As you are reading this, you are probably sitting. So am I, writing this blog at the moment. Sitting is what most people do most of the time during their day, either at work, at home, or in other places. While there is nothing wrong with the activity of sitting per se, it is the duration of sitting that raises concerns. Prolonged periods of sitting, also called ‘sedentary’ behaviours or lifestyles, and physical inactivity in general, have been identified as a serious health risk by researchers. The notion that ‘sitting is the new smoking‘ has made the rounds, popping up at workplace conferences, in press articles and social media alike, as for instance argued in the Harvard Business Review and of course there are a couple of TED talks on the subject matter, too. A new study commissioned by Public Health England and published this week in the British Journal of Sports Medicine, have put this topic high on the agenda again. An article in the Guardian summarised the recommendations and suggested office workers should be on their feet for at least 2 hours per day, but ideally 4 hours.
The authors of the study highlight that it is important to shift postures regularly, since prolonged standing is equally not recommended. Sit-stand desks, which can be height adjusted and are very popular in Scandinavia are suggested as one possible solution.
So should we all stand up now and spend half of our day standing rather than sitting? Possibly, if you can find the right conditions, furniture solutions and supporting organisational culture in your office (think about the raised eyebrows of your colleagues if you suddenly started working with your laptop perched on some shelves, as tested by the Guardian). Maybe that is not quite the way forward for everyone.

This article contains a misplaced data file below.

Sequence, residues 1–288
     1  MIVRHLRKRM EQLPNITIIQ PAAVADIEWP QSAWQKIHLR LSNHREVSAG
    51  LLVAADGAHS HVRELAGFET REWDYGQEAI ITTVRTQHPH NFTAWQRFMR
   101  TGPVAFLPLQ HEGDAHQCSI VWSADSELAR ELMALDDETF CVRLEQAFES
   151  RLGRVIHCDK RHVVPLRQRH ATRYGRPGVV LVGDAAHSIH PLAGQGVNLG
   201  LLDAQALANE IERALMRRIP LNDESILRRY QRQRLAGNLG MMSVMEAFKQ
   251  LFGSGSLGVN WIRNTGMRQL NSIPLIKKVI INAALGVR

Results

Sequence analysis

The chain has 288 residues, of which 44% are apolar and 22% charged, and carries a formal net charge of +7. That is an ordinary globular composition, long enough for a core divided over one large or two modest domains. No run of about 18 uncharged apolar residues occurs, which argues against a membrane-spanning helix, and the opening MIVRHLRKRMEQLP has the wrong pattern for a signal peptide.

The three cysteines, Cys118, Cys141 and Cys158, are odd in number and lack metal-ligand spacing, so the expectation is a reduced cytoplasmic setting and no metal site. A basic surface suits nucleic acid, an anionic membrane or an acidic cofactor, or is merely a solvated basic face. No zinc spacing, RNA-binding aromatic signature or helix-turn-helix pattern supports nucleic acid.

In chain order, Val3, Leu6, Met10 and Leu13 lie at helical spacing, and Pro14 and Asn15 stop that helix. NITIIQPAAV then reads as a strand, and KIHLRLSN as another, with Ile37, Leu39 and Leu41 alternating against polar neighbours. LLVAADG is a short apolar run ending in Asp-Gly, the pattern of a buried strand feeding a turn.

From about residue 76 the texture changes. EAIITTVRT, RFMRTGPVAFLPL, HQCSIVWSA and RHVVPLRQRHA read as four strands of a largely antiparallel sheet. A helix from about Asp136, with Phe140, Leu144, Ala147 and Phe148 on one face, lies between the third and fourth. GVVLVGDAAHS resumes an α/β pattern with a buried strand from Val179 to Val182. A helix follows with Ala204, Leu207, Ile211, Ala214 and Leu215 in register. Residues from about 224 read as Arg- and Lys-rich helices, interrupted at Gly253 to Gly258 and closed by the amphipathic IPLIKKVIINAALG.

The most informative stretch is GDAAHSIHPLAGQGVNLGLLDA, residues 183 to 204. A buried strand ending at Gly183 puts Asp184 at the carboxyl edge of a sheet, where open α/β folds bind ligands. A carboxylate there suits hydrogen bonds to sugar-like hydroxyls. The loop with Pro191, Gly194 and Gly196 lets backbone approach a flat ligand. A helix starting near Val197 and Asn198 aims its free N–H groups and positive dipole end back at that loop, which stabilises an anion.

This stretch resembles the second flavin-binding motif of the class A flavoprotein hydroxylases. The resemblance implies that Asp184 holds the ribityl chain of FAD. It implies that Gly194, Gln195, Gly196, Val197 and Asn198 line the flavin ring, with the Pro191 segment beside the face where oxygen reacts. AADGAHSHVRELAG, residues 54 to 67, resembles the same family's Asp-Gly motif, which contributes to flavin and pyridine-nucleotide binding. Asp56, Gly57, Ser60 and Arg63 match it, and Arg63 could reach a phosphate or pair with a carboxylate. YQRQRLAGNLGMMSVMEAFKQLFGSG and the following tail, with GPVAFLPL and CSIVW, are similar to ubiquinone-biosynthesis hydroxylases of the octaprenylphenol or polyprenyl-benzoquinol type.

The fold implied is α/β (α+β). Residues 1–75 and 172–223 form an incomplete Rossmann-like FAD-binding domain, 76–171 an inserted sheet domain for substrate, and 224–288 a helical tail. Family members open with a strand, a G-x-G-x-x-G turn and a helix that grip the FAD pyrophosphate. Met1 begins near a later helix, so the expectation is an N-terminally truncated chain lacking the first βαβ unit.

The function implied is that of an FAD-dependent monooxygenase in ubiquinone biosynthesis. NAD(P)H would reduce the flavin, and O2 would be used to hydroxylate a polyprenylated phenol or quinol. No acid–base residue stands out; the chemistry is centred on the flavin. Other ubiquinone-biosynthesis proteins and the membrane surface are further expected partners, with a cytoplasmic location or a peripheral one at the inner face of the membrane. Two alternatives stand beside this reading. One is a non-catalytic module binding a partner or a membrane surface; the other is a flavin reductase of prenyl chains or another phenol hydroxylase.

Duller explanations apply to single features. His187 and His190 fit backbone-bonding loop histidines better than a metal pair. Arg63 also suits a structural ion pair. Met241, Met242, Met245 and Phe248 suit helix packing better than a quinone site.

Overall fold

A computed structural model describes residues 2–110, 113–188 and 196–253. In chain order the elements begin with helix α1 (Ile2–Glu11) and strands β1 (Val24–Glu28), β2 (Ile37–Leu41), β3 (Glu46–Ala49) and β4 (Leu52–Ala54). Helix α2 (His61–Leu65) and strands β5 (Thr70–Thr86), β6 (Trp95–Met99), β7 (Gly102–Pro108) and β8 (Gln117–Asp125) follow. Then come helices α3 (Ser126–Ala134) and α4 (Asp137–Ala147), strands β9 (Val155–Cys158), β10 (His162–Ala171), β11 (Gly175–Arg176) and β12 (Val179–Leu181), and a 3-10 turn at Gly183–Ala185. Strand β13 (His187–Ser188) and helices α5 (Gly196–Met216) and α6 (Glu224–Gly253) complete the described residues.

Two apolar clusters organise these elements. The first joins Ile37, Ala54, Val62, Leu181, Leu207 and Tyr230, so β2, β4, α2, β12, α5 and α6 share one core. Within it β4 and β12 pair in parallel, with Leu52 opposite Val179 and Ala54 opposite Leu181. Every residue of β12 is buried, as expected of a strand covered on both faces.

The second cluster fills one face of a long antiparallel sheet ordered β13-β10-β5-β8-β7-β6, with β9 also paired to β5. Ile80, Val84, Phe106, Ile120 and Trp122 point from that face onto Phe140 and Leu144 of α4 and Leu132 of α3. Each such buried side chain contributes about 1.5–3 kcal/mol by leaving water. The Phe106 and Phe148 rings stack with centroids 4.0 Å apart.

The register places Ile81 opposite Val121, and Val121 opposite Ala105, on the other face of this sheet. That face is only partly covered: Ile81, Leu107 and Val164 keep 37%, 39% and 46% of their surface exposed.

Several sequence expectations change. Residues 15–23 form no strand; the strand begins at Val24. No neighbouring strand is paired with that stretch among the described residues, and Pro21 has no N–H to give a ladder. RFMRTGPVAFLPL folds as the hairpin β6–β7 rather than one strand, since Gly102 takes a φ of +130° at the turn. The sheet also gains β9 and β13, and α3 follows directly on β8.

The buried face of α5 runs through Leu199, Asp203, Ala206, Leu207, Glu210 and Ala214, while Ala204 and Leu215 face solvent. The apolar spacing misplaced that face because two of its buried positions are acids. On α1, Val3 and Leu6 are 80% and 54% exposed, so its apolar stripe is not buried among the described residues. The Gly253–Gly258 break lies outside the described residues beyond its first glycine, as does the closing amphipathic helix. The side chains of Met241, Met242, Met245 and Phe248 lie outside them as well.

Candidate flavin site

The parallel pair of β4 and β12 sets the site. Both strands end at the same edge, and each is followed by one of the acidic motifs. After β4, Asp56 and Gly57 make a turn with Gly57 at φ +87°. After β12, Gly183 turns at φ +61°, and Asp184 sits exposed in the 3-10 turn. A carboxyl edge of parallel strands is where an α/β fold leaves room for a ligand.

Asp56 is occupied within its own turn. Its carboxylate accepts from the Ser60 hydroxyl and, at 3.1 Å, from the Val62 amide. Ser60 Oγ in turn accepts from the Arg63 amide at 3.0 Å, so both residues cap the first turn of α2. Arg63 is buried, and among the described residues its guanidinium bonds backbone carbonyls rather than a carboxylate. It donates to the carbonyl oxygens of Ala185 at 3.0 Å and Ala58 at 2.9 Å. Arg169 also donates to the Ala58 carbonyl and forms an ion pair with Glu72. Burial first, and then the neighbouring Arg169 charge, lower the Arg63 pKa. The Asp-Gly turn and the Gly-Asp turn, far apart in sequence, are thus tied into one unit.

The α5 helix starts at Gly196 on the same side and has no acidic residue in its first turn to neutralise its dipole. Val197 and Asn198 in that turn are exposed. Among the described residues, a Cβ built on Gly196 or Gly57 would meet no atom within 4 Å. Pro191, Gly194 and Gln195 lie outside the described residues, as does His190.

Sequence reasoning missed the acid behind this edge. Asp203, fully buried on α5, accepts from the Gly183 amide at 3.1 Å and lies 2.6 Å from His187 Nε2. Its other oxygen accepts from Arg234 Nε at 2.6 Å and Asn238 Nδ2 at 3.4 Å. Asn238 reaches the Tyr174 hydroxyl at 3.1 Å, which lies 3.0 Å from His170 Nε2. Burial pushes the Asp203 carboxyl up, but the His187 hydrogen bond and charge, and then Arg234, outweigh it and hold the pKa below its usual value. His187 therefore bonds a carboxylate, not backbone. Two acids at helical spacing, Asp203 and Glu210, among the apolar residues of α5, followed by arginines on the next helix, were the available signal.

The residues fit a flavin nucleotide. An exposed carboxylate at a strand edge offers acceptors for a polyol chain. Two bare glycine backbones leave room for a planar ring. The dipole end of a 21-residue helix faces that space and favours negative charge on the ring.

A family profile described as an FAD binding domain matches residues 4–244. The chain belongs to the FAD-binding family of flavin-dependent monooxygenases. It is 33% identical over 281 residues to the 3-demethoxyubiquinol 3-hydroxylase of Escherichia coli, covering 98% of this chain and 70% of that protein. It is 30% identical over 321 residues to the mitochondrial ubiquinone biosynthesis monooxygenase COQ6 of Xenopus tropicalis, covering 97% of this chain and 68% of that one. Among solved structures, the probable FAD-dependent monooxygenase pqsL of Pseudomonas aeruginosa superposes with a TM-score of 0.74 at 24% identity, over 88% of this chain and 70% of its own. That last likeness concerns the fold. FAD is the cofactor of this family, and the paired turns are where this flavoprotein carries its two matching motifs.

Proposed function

We believe that the key to a successful, healthy and enjoyable workplace lies not in sitting or standing, but in moving. Our research has shown that in the average workplace, 85% of people are sitting at anyone point in time and only 6% of people are moving. So today’s workplaces are very static. Increasing movement and mobility in the office has multiple benefits: firstly, movement helps you think. We’ve argued in our recent article on Evidence-Based Design for the Work&Place Journal (issue 6), that movement has the added benefit of increasing cognitive capacity. Secondly, increased movement can also lead to increased sociability and better connectivity of people across different parts of the business. Our research has confirmed that the workplace can foster the ‘Strength of Weak Ties‘, as famously argued by Mark Granovetter.
What is more, the layout of an office is an important factor in fostering movement. Spatial layout is often ignored, yet forms one of the most important design decisions, which will shape how organisational cultures and individual behaviours may flourish later. If walking and movement is built into the design by allowing multiple paths through the office, connecting people with resources and attractors (such as the coffee machine or meeting rooms) and giving enough space to movement and stop-overs, mobility will naturally rise. We’ve seen this in the design of an advertising agency, where the levels of movement almost tripled after our design intervention, based on creating a much more open, visible and dynamic spatial environment.
And there is also research to back up the health benefits of walking, since a study has shown that a 2 minute walk every hour may counter the harm of prolonged sitting. So if movement emerges naturally from a good match between organisational work flows and spatial design, we don’t need to worry about prolonged sitting.